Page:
The Hero’s Journey: an archetypal growth map

The five stages of positive change

It was the American anthropologist Joseph Campbell who coined the term hero’s journey to chart the archetypal stages of change which he identified through many years of research. In his book The Hero with a Thousand Faces, he explains that his aim in describing the journey is “to bring together a host of myths and folktales from every corner of the world, and to let the symbols speak for themselves. The parallels will be immediately apparent: and these will develop a vast and amazingly constant statement of the basic truths by which man has lived…”

Campbell’s gift to us is to distil the patterns and stages in these heroic tales from cultures right across the world into a few clear, coherent stages which form the Hero’s Journey. His work has been hugely influential in all sorts of ways. For example, some great movies have consciously used his model, including Star Wars and The Wizard of Oz.

When I went to the Findhorn Foundation back in the 1990s to train to facilitate personal development workshops, I was recommended to the hero’s journey as the basic structure for workshop groups on all kinds of themes. Since then, I have used this as the basic shape for dozens of workshops and retreats, and have found it consistently helpful. Quite often, I explain the stages of the hero’s journey at the start of the group so that we all have a shared road map of the process.

I regard Campbell’s approach as relevant for heroes of both genders and of any age. There are many risks in trying to be a Hero, for example, the belief that you should fight on alone, and should expect to exhaust yourself and risk losing everything. I am really intrigued by how the qualities of the hero need to be re-invented in mid-life and beyond. Surely these positive qualities don’t just disappear, but they certainly need to change their form…

So what are the stages of the hero’s journey? There’s no one answer for this: you can draw on Campbell’s work to create a quite complex, multi-stage process, or a simpler one, such as the version I have used for many groups, consisting of five stages:

  1. Call to Adventure
    Leaving the Hearth: it’s about opening to our willingness to change and explore, and to leave the familiar behind. The catalyst may be a crisis or a slowly growing sense of dissatisfaction with the status quo. An essential part of this stage is to set your intention to begin the journey, and to step out of your usual surroundings.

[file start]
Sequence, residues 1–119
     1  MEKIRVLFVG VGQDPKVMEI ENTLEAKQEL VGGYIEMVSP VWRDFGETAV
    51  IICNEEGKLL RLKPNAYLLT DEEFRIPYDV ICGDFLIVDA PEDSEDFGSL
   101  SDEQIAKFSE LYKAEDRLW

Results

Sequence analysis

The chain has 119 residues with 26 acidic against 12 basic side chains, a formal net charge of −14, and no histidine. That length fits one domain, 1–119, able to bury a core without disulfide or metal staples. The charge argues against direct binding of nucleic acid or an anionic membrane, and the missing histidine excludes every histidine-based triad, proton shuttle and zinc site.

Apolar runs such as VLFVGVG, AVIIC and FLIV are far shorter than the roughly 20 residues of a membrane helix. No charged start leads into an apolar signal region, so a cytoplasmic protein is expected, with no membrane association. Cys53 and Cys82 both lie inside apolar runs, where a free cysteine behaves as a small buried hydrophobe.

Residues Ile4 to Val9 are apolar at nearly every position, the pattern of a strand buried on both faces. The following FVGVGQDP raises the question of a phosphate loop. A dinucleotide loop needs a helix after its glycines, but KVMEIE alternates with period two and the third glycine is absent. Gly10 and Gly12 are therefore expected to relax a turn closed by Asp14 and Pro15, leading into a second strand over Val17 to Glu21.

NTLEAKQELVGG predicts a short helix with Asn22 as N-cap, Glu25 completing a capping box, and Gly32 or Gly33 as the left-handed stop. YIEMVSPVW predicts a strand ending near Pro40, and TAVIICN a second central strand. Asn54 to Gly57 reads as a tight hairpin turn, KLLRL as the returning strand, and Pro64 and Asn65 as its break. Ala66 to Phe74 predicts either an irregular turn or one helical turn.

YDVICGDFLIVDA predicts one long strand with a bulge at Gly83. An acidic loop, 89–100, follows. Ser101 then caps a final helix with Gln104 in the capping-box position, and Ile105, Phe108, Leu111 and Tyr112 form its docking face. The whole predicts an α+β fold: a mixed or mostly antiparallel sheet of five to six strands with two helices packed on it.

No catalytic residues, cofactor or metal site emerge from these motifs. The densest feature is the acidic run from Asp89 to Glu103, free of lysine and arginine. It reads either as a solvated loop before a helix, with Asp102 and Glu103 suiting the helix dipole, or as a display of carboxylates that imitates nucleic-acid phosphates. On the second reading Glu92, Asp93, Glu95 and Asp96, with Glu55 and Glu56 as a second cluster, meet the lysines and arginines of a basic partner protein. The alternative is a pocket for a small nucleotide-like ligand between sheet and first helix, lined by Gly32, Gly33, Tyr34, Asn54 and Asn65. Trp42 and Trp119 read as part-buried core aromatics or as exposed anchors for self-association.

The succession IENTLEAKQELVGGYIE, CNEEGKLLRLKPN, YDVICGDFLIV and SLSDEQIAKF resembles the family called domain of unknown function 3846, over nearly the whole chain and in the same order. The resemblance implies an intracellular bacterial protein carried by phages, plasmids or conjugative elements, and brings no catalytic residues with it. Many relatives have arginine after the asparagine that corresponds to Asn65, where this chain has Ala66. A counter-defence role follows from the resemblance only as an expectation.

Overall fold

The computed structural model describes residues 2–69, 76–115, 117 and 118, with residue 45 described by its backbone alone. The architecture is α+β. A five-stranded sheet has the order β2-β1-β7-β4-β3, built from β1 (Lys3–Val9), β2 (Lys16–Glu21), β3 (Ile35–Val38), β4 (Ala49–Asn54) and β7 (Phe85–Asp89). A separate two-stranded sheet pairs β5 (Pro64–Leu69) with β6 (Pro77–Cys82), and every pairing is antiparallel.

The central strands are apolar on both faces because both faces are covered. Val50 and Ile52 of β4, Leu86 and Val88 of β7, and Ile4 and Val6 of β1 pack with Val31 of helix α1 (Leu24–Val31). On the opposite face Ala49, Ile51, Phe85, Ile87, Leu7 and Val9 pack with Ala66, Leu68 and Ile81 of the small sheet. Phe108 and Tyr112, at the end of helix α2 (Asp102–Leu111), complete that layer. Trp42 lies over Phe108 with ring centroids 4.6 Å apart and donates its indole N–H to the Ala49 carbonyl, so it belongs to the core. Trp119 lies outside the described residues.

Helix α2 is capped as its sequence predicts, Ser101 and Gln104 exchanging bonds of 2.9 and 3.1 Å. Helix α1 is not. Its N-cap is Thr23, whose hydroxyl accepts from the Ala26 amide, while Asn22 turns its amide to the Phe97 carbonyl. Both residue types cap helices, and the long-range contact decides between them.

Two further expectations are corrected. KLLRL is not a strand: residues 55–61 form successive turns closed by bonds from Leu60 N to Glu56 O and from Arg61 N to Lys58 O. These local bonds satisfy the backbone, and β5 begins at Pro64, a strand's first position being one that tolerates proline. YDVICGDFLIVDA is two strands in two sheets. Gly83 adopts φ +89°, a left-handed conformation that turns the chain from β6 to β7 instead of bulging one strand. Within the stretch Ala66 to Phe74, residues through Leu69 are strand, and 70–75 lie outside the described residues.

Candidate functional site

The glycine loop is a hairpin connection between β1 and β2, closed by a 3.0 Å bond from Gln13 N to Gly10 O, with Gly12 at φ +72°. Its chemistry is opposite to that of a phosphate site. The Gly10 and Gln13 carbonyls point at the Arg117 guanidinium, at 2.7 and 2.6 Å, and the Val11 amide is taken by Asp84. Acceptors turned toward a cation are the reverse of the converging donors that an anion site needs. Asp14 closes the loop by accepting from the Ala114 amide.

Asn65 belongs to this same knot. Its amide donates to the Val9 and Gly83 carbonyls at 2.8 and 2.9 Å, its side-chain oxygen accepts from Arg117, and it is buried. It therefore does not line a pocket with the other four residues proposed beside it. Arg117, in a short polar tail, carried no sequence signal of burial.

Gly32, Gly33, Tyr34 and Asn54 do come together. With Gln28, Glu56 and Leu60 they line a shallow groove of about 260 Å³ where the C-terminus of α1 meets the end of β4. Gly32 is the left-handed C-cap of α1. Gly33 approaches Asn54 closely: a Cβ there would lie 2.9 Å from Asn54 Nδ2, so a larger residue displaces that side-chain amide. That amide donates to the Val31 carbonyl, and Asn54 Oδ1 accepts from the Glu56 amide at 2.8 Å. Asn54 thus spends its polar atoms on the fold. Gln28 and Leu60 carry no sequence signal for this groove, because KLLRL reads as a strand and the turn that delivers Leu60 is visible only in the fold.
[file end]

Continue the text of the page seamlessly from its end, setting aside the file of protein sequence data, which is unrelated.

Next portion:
1. On the Road
    In fairy stories, this is the stage of the journey where the youngest son gains new friends, insights and tools which will help him later in the journey, and feels the excitement of new possibilities. You could see this stage as gathering momentum, resources and motivation for the challenges ahead.
  1. The Dark Wood
    Recall physical adventures you’ve had, like a mountain climb or a long trek. Is there a stage when you got cold, tired or hungry, and wondered why you’d ever started? The Dark Wood is where we lose our illusions of control and competence, and we recognise we are lost and vulnerable. Campbell observes that in folktales, at this stage the hero is often swallowed by a monster, representing a semi-death from which he must be reborn. The Dark Wood is really the crucial catalyst in the whole process of change: this is where we drop our beliefs, face our fears, and can open to new possibilities.
  1. Finding the Treasure
    What we can learn from the myths about this stage is that the treasure the hero finds is often not what he set out looking for. In our times, the treasure we need may well be a new outlook or a fresh intention, not something tangible like the golden fleece. This stage is often the birth of something new in us, and like most births, it may take quite some time before it comes to fruition.
  1. The Return
    My experience of working with the hero’s journey confirms Campbell’s warning that the Return is often the hardest stage of the journey. If we return from our quest as a different person than the one who set out, will the people we go back to accept the change? We all live in a network of roles and expectations: though we may suddenly choose to change them, others may dislike this.

If you carry an awareness of these five stages, it can help you to orient yourself and navigate through many of life’s perplexities, and also understand the dynamics of groups and communities, which often follow this trajectory too. You can find more detailed versions of the Hero’s Journey, such as a popular twelve-stage one, in Campbell’s book or via a web search.